Posted by: gschloesser | August 2, 2011

Fresh Fish

Plenary Games
2 – 4 Players, 45 minutes
Designed by:  Friedemann Friese
Reviewed by:  Greg J. Schloesser

Way back in 1997 at my very first Gathering of Friends, Brent Carter introduced me to this mind-bending tile-laying game from Friedemann Friese.  I struggled to understand the placement rules and visualize how the board would develop, but still rather enjoyed the experience.  Unfortunately, the game was produced in very limited quantities, so copies were difficult to obtain.  I never searched too hard for the game, however, content to move on to other titles. 

Late last year, Angela Gaalema announced the formation of Plenary Games, promoting the fact that she would make efforts to re-print titles that were in demand by gamers.  Fresh Fish was her first coup and this news was received with much excitement and anticipation by many gamers.  Initial photographs and images of the game didn’t diminish this enthusiasm as it certainly appeared the production quality would be top-notch. 

Now that the game has finally made it to full production and release, the expectations have been met.  The production quality meets or exceeds that of most German game companies.  Over 100 thick, sturdy tiles, dozens of wooden tokens and cubes and a spacious game board comprise the components.  The rulebook is nicely illustrated, but not without a few gaffes, including an incomplete paragraph explaining a critical part of the rules.  Still, from the examples and other sections, the nature and intent of the missing section are able to be discerned.  In light of the rather confusing nature of the game’s mechanics, the rules do a reasonably adequate job explaining the mechanics to the players.  Still, the game requires a level of “visualization” that is difficult to put into print.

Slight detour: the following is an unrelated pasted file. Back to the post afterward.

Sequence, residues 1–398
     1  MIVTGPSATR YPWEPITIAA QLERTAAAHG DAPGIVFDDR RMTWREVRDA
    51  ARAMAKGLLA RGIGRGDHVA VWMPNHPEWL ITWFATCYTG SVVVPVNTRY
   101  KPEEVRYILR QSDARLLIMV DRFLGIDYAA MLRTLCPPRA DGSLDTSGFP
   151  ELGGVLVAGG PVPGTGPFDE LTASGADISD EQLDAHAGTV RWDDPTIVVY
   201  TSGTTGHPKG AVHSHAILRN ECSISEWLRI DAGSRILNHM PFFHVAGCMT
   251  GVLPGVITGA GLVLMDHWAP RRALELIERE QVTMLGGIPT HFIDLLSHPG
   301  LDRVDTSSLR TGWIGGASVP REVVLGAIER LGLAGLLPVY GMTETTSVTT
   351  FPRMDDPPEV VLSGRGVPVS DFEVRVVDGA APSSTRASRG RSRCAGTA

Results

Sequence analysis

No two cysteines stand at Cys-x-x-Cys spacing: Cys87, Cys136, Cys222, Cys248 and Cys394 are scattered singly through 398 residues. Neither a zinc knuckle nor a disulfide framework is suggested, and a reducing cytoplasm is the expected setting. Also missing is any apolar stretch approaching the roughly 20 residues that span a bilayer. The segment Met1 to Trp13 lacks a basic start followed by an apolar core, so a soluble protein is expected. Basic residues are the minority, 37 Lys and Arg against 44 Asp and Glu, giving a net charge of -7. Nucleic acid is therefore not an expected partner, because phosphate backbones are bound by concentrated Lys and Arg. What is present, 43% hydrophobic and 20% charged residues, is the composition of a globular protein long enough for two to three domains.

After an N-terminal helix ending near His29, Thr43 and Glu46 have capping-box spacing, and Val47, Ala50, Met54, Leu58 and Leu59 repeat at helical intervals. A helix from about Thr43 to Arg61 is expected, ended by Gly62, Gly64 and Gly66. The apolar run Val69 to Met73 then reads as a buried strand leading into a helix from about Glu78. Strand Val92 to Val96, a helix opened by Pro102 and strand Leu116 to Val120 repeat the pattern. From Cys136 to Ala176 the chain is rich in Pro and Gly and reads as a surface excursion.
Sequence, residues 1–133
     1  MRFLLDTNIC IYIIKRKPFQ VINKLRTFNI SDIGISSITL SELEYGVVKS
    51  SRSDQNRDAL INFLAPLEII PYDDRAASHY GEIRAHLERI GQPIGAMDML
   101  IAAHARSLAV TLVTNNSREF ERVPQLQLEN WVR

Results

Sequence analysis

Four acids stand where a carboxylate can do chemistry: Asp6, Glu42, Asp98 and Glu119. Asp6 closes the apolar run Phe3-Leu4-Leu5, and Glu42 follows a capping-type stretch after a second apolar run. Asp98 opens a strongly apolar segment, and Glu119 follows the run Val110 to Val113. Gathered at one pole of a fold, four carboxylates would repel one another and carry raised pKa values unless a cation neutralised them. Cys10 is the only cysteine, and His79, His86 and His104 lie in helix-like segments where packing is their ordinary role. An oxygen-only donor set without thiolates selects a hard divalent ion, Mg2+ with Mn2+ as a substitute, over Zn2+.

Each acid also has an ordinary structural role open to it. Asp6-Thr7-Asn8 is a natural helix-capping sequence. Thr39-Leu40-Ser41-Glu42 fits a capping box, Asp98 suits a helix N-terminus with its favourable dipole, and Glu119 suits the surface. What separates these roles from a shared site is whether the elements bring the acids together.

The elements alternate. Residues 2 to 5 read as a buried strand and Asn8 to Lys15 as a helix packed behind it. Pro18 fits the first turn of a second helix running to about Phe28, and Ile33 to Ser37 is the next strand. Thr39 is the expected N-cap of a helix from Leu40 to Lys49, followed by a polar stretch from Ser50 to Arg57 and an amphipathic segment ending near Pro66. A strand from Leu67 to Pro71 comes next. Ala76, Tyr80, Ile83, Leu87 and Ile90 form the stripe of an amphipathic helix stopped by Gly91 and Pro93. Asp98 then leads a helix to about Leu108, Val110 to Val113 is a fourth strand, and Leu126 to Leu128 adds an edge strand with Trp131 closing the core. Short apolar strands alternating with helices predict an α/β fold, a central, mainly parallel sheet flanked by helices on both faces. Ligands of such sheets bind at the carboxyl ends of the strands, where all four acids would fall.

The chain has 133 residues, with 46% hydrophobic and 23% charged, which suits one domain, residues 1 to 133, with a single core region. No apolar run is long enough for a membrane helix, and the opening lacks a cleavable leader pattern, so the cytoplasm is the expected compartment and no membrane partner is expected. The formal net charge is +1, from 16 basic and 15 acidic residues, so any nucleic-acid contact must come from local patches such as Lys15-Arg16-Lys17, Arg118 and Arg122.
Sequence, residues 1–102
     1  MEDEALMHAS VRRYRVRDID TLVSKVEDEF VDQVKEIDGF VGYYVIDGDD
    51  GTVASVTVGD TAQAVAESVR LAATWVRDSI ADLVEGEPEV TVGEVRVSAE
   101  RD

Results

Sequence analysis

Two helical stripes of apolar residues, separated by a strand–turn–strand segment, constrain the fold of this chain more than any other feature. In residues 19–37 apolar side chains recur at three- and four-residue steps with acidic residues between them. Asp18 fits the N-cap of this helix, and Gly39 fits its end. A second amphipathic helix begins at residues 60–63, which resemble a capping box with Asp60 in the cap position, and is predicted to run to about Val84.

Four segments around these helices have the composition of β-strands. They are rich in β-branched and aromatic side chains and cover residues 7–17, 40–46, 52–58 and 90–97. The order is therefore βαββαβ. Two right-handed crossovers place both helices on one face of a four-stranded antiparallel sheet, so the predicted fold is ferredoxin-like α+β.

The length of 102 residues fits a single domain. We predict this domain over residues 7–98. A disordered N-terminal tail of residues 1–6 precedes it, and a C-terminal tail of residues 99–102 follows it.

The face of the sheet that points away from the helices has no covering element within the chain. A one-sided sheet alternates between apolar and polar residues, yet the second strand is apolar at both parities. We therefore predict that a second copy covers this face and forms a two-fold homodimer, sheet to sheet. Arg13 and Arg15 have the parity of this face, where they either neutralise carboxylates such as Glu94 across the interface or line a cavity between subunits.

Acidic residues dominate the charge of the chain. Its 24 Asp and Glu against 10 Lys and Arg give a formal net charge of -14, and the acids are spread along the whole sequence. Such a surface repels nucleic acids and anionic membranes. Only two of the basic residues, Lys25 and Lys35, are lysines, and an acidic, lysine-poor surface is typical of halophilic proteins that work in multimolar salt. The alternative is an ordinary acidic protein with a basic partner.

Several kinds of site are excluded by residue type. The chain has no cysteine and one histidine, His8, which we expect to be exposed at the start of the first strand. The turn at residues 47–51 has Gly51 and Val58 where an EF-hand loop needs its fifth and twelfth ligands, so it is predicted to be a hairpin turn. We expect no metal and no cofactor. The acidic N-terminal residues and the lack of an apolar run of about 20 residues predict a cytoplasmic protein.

The theme of the game is one involving the economical establishment of markets in close proximity to the appropriate supply centers.  The closer you are to a supply center, the faster you can receive goods.  The less you have to pay to acquire these choice markets, the more money you will save.  As the rules state:  Better, Faster, Cheaper. 

Two to five players can compete, with the 10×10 board size being reduced if playing with less than the full compliment of five players.  The four supply centers begin the game on the board, with the harbor being placed in one corner and the other three (oil, nuclear plant and game factory) either being placed one in each corner or placed randomly on the board.  Players each begin the game with 15 coins, which will be used in bidding on markets when they surface, as well as eight tiny cubes that are used to reserve plots of land. 

The group of tiles is separated into two stacks – one containing all street tiles and the other stack containing the remaining tiles.  These tiles consist of: 

Retail outlets:  Fish markets, Nuclear waste depots, Gas stations and Game shops.  When these surface, an auction is held, with the high bidder gaining control of the outlet and placing it onto one of his previously reserved land plots. 

Other buildings:  These consist of apartments, offices and parks, but the distinction is cosmetic only.  These buildings all serve the same function, which is to either block the path of your opponents or help facilitate a shorter route for yourself.  When one of these is revealed, it is not auctioned. Rather, the player revealing it must place it onto the board on one of his reserved plots of land.